September 10, 2019

Global Market Comments
September 10, 2019
Fiat Lux


Featured Trade:
(NVDA), (AMD), (ADI), (AMAT), (AVGO), (CRUS),
 (CY), (INTC), (LRCX), (MU), (TSM)

August 16, 2018

Global Market Comments
August 16, 2018
Fiat Lux


Featured Trade:
(NVDA), (AMD), (ADI), (AMAT), (AVGO), (CRUS),
(CY), (INTC), (LRCX), (MU), (TSM)

Dinner with LAM Research

It was one of those normally mundane seasonal events.

But what I heard blew my mind and will substantially shape my trading and investment strategy for 2018.

By now you already know that I used some of my stock market winnings this year to buy a vintage Steinway concert grand piano (click here for “The Great Inflation Hedge You’ve Never Heard Of.”

Well, you can’t own a Steinway without a recital, and ours was held last weekend.

After listening to an assortment of children display their skills with Pachelbel, Ode to Joy, and The Entertainer, we adjourned for a celebratory buffet dinner.

Making small talk with the other parents, I asked one particularly articulate gentleman what he did for a living. He, too, had enjoyed an excellent year, and also used his profits to buy a Steinway, although his was a cheaper upright model.

It turned out that he was the chief technology officer at LAM Research (LRCX).

Had I heard of it?

Not only did I know the company intimately, I had recommended it to my clients and caught the better part of the nearly 400% move since the beginning of 2016. Furthermore, I was expecting another double in the share price in the years ahead.

Was I right to be so bullish?

The man then launched into a detailed review of the company’s prospects for the next three years.

The blockbuster development that no one outside the industry sees coming is China’s massive expansion of its semiconductor production.

More than a dozen gigantic fabrication plants are planned, the scale of which is unprecedented in history. Some of these fabs are 10 times larger than those built previously.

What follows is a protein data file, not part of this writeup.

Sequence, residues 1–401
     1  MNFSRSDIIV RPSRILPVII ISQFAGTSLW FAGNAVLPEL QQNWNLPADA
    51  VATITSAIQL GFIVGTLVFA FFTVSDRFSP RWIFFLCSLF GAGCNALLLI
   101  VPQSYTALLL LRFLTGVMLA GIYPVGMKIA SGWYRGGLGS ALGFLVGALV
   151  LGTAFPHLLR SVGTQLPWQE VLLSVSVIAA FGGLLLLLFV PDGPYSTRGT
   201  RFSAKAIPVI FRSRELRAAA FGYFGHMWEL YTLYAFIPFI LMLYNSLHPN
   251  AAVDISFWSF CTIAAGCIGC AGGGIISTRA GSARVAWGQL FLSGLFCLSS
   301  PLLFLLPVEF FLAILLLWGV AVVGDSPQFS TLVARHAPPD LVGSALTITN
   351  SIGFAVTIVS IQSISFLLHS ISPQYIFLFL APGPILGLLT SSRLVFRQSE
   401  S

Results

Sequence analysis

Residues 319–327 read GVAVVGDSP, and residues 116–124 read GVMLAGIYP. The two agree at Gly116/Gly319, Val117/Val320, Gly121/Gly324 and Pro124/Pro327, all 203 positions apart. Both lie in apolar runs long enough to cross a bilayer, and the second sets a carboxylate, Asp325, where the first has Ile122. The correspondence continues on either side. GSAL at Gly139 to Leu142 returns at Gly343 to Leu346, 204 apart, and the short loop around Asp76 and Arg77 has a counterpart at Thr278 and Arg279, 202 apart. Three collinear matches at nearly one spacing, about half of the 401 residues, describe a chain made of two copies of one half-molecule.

This is creating exponential growth opportunities for the tiny handful of companies that produce the highly specialized machines essential to the manufacture of cutting-edge semiconductors, including Applied Materials (AMAT), ASML (ASML), Tokyo Electron (TOELY), KLA-Tencor, and LAM Research (LRCX).

Everyone in the industry has boggled minds over the demand they are seeing for their products.

The reality is the artificial intelligence is rapidly working its way into all consumer and industrial products far faster than anyone realizes, creating astronomical demand for the chips needed to implement it.

Bitcoin mining is also creating enormous new demand for chips that no one remotely imagined possible even two years ago.

As a result, the industry has been caught flat-footed with severe capacity shortages. They are all racing to add capacity as fast as they can. Profit margins are exploding.

On October 17, (LRCX) announced Q3 revenues of $2.48 billion, a staggering increase of 51.84% over the previous year, and a gross margin of 46.4%. The operating margin was 28%, generating net income of $591 million.

That gives the shares a very reasonable price earnings multiple of 16.95X, a 10% discount to the 18X multiple for the S&P 500. That is an incredible deal for one of the fastest growing companies in America.

Samsung of South Korea was far and away its largest customer, accounting for 38% of total sales.

On November 14, the company announced an eye-popping $2 billion share repurchase program that is certain to drive the price higher.

If there is one dark cloud on the horizon, it is the loss of the research and development tax credit embedded deep in the proposed Republican tax bill.

This will have a noticeable and negative impact on (LRCX)’s bottom line. Still, my friend thought that the company could offset this loss with faster sales growth and margin expansion.

However, many other technology companies in Silicon Valley won’t be able to bridge that gap. It is a hugely anti-technology move for the government to take.

My fellow Steinway owner thought that LAM Research could easily see sales double in three years as long as there is no recession, which I believe is at least two years off. As for the share price, he couldn’t comment, but remained hopeful, as he was a large owner himself.

Of course, the trick is how to buy a stock that has just risen by 400% in two years. So, you could start scaling in here, and build a larger position over time.

You only get opportunities like this a couple of times a decade, and it’s better to be too aggressive than too cautious.